Imposter Syndrome

Do you feel like an imposter with your writing? You’re not alone with this feeling. 

This week I’m celebrating the sale of a client’s project to a dream publisher—a project I first saw (and loved) two years ago. I knew the moment I read the manuscript that it was something special. I resonated with the author’s story and her writing, and I felt very strongly that many others would too. Eventually.

My instinct was that it wasn’t the right timing to put it out to publishers. I suggested she take some time to polish the manuscript, while also working on her blog and building her platform. I told her the market just wasn’t ready for it, and I didn’t want to show it to publishers at the wrong time. I promised I’d be watching for the right time and the right editors to send it to. She handled all of this like a professional. She hired an editor and improved her manuscript. She continued blogging—and being patient.

Meanwhile, I was second guessing myself, something I do far too often. It’s risky to ask a client to be patient, to trust me to find the right timing to give their project the best chance for success. Do I really know what I’m doing? What if I’m wrong? What if this long wait doesn’t pay off for my client?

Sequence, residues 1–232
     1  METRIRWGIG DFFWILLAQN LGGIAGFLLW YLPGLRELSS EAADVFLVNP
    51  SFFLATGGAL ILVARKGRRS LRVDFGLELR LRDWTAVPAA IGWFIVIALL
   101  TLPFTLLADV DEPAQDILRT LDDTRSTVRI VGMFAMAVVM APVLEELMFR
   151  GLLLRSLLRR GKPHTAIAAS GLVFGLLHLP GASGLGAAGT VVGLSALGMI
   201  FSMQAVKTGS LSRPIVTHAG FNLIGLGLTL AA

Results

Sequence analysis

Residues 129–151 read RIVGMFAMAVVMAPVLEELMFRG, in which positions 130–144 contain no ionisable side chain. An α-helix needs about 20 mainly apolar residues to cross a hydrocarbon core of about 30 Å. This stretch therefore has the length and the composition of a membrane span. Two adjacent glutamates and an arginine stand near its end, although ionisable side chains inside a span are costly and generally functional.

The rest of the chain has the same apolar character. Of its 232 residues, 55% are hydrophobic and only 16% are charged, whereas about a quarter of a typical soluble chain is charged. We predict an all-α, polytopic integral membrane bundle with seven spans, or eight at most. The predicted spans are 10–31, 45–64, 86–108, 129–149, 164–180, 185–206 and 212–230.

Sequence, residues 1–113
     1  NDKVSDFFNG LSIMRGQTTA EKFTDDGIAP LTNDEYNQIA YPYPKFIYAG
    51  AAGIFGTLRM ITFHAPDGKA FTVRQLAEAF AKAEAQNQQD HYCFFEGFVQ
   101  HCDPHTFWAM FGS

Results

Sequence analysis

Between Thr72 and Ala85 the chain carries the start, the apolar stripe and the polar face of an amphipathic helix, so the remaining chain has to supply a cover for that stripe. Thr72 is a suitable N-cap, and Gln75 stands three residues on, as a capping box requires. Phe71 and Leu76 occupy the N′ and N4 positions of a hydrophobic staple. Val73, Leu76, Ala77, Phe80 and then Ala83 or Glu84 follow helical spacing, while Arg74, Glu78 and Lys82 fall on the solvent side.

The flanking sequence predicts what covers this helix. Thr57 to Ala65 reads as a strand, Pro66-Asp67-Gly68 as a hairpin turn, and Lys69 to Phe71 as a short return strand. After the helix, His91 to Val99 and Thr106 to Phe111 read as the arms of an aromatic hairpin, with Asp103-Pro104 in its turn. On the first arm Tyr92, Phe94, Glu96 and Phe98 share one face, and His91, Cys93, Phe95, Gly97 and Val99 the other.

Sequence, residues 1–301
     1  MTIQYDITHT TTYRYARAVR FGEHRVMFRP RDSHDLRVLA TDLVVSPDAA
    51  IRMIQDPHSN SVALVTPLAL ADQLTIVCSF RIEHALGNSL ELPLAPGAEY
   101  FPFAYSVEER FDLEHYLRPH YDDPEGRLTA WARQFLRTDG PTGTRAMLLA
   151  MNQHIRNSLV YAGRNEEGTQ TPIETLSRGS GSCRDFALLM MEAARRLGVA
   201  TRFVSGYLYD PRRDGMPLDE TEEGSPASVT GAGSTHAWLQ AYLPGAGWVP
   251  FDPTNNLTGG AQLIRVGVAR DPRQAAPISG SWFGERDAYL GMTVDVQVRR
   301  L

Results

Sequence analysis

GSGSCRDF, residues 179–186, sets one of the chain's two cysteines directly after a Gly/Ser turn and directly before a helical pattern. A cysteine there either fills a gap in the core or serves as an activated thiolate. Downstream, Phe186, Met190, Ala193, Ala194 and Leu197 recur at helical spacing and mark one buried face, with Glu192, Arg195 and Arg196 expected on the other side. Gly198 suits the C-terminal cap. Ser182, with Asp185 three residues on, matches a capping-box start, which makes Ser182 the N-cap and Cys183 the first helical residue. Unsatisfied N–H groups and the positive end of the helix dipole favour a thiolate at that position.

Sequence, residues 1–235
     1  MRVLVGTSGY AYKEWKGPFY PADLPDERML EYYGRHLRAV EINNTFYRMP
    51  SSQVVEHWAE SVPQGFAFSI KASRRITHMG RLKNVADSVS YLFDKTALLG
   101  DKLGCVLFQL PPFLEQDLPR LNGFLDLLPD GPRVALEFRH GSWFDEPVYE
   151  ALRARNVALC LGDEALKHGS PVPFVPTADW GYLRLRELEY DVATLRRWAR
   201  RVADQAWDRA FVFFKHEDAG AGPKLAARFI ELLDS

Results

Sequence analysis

Who am I, anyway, to be advising anyone about anything? What do I know?

I get mired in Impostor Syndrome more than you’d think. In fact, I think most agents do. And I’d bet most writers do too.

Impostor Syndrome is when you have those moments of thinking: I can’t do this! People think I can do this, but I’ve got them all fooled! I’m a fraud! A poser! A fake! I’m not REALLY an agent/novelist/physician/teacher/take your pick. They are going be on to me soon!

Most of us suffer from this occasionally.

But then … we have those moments when we’re reminded that we do, in fact, sort of know what we’re doing. I had that moment yesterday when the editor I’d hand-picked for my client’s book called me with an offer. I’d been patient, watched the market, determined the timing was right—and it paid off. I had to take a moment to acknowledge that I do know just a teensy bit about what I’m doing. Maybe I’m not an impostor after all.

I think it’s important to be aware of the insecurity that makes us sometimes feel like a fraud; and to remind ourselves that we do have talents, skills, and abilities. The most helpful thing I’ve done to keep my confidence strong is a simple sticky note on my computer:


“This is what I do.” Every day when I sit down to work, that simple phrase reminds me that I know what I’m doing; that I don’t need to waste energy thinking it’s too hard or I can’t do it; that I’ve put years into learning this job; that I can simply start the day with confidence, do my job, and always be open to learning how to do it better.

What about you? Do you ever feel like an impostor? What makes you feel that way? What reminds you of the truth about yourself?